Out of curiosity, I did a Google Book search for other types of government publications and found these gems:
Illustrations of the Gross Morbid Anatomy of the Brain in the Insane (isn’t that a Cypress Hill song? Nevermind…) by the Government Hospital for the Insane.
How it Feels to be the Husband of a Suffragette (not published by the Government Printing Office, but it is a book housed in the National American Woman Suffrage Association Collection in the Library of Congress).
Most of these documents were scanned at large research universities or depositories, but the quality is not always decent andcan sometimes border on the illegible. I was quite amused when I discovered a staff person’s hand digitized on this document’s cover:
However, there are bigger snafus than a digitized librarian’s hand. For example, despite government documents being in the public domain, Google Books treats most post-1922 (i.e. post-copyright law) government documents as copyrighted material by only allowing a limited view! For more details, please read James Jacobs’ post on this issue.
Despite all these issues (which have yet to be resolved), I decided to take advantage of the access to full-text, pre-1922 government documents and create a McNeese Gov Docs “Library”account in Google Books for my depository. The account also allows you to subscribe to updates of its holdings via an RSS feed. I put a link to the library account and the RSS feed on my depository’s homepage and our “Gov Guides” wiki. I’ll add more of these interesting and old documents as I come across them, especially those pertaining to Louisiana or documents that were lost to Hurricane Rita.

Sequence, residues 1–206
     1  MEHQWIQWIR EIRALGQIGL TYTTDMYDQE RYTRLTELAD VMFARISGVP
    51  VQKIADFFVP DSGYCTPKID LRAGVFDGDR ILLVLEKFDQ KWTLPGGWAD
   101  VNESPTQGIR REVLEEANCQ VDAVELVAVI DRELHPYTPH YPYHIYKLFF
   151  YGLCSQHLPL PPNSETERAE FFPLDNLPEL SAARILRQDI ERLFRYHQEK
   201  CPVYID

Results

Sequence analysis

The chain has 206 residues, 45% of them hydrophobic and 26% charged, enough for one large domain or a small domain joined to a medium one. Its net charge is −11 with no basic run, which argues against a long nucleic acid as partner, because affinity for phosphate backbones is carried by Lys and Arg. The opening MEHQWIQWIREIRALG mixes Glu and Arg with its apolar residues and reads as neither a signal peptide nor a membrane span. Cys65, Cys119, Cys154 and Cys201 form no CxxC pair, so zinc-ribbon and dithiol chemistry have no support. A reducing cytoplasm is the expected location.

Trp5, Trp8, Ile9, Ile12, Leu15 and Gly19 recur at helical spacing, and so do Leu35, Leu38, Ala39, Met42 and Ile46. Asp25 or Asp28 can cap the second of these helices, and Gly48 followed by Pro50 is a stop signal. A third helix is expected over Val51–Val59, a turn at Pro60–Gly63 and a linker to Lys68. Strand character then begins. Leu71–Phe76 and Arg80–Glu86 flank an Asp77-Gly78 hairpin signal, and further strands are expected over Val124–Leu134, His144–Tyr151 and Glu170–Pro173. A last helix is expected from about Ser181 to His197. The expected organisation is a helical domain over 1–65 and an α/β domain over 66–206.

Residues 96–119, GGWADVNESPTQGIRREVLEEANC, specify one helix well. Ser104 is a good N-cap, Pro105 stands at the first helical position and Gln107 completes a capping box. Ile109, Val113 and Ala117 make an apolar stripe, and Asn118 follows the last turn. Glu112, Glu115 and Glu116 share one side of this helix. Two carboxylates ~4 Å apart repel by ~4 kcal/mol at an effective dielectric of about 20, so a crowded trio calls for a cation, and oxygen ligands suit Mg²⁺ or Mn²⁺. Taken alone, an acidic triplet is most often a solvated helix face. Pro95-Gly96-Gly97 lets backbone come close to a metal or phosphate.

Here are some tips for finding gov docs in Google Books: Use Advanced Search, and in the Publisher field, type in Govt OR GPO OR “Government Printing Office”. You can also search by agency, (i.e. “Department of the Interior”) by typing the name of the agency in the Author field.
Have fun exploring and building your own digital collections, but please let me know if you find some really cool gov docs, ok?
All I’m asking for is full access for the public to government documents on Google BookSearch. These documents are in the public domain and therefore should not be limited by claims of copyright, by Google or by the Library Partners.
It looks as if Google is definitely considering all post-1923 works under copyright.